As the narrator and Usher lay Madeline's body in the family vault, the narrator notes several queer details about the corpse before him. First, he notes how strikingly Madeline resembles her brother. Just as he notices this, it seems Usher reads his thoughts and murmurs that he and his sister were twins. Probably the more notable details, however, come in these lines:
Our glances, however, rested not long upon the dead—for we could not regard her unawed. The disease which had thus entombed the lady in the maturity of youth, had left, as usual in all maladies of a strictly cataleptical character, the mockery of a faint blush upon the bosom and the face, and that suspiciously lingering smile upon the lip which is so terrible in death.
Here, the narrator notes that as a result of her disease (which, though undiagnosed by doctors is one that causes her catalyptical seizures, or physical fits which leave her entire body rigid, as if she is dead) she has died with a faint blush upon her bosom and face, and seems to be smiling. A normal corpse would of course typically be devoid of color, as the blood would no longer be pulsing throughout the body. Also, it is particularly strange and eerie to the narrator that Madeline seems have died with a smile on her face.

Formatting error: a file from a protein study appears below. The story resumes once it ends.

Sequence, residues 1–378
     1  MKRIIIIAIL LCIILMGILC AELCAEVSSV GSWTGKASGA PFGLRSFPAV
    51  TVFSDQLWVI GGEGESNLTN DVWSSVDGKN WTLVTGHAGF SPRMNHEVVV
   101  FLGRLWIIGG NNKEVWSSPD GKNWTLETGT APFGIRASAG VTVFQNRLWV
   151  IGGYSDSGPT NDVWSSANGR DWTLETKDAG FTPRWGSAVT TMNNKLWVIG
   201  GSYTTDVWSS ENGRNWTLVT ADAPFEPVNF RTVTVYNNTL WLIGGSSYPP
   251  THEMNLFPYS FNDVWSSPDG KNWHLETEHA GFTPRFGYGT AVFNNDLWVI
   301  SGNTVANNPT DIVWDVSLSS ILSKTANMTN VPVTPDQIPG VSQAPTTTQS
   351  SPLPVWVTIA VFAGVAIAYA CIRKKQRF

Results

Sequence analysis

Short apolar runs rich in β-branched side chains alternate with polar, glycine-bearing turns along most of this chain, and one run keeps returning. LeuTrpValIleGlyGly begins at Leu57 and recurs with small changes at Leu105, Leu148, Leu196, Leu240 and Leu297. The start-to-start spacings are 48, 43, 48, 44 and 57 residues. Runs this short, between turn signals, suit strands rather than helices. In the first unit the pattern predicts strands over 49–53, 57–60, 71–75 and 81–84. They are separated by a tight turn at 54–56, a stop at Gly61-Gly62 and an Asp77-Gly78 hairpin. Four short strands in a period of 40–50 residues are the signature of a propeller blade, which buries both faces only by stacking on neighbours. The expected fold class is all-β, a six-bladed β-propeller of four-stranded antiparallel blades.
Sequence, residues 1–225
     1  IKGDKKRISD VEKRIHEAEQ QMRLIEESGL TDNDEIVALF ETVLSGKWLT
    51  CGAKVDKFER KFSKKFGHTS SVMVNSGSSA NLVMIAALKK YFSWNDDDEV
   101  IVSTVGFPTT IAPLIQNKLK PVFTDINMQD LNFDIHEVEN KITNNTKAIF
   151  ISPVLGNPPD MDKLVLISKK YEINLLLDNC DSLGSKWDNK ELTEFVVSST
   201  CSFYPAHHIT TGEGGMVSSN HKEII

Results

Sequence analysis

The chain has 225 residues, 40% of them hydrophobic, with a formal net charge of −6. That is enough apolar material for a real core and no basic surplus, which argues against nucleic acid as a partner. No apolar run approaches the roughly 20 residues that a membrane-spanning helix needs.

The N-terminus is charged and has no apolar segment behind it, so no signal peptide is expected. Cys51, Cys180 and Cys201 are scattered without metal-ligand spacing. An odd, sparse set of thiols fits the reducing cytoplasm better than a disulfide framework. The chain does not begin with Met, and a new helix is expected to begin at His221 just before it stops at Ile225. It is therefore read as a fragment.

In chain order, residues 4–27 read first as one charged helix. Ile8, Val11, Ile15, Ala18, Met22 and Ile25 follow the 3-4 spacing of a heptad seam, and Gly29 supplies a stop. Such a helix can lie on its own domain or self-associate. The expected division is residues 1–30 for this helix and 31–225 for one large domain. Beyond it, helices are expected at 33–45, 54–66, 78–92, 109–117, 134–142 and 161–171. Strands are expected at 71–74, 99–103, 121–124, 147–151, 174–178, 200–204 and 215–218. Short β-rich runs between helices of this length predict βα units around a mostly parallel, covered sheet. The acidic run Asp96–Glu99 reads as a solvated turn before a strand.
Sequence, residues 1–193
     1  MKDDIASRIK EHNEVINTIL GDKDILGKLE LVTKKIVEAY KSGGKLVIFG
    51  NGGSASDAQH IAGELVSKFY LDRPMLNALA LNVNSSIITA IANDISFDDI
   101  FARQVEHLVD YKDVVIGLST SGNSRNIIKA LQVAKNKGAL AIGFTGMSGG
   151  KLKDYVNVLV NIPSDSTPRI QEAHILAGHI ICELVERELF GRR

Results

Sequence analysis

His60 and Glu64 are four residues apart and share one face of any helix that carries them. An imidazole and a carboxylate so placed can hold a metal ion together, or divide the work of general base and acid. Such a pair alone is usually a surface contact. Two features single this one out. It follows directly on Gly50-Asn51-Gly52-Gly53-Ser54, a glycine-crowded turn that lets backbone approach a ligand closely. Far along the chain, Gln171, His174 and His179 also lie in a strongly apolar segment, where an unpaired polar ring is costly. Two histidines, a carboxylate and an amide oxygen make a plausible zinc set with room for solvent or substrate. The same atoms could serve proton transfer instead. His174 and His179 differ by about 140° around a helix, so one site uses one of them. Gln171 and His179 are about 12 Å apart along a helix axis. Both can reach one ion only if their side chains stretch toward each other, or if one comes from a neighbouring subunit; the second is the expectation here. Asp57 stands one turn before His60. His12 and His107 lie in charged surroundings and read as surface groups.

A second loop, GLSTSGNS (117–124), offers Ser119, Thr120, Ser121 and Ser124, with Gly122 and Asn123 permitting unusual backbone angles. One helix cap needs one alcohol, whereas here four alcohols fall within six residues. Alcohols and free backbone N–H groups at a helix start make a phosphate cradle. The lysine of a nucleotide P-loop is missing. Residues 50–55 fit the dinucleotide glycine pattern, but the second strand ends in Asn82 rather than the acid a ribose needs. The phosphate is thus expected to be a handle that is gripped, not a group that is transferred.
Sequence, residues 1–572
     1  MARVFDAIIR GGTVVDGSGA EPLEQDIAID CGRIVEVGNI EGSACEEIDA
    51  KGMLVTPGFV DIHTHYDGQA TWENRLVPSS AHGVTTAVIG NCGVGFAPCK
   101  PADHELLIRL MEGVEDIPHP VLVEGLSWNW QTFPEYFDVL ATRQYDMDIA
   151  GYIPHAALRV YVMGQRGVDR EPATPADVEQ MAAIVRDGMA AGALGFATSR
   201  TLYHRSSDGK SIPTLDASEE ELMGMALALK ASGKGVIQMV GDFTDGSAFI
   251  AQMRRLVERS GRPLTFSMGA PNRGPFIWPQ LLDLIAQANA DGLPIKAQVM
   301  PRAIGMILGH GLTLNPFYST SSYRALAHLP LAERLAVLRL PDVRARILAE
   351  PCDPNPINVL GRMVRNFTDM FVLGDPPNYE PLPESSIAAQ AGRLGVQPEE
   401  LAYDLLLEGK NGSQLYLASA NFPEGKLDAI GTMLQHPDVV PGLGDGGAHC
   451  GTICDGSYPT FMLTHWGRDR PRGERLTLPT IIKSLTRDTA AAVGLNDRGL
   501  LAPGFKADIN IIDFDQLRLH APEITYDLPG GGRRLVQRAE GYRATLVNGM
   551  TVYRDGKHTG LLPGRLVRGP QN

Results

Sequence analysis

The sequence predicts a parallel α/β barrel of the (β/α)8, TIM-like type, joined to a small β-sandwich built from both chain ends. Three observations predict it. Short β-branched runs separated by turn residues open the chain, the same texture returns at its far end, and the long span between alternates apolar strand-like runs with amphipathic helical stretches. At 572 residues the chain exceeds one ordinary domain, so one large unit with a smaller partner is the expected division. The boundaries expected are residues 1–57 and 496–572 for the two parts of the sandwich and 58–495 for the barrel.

All of these details are particularly important when you realize that they are foreshadowing a most bizarre and ultimately creepy end to the story. Madeline, at this moment, is not actually dead. She is simply in the throws of such a seizure, which is apparently severe enough to have slowed her heartbeat and breathing to an undetectable state. Note that at the climax of this ghost story we see:
...there did stand the lofty and enshrouded figure of the lady Madeline of Usher. There was blood upon her white robes, and the evidence of some bitter struggle upon every portion of her emaciated frame.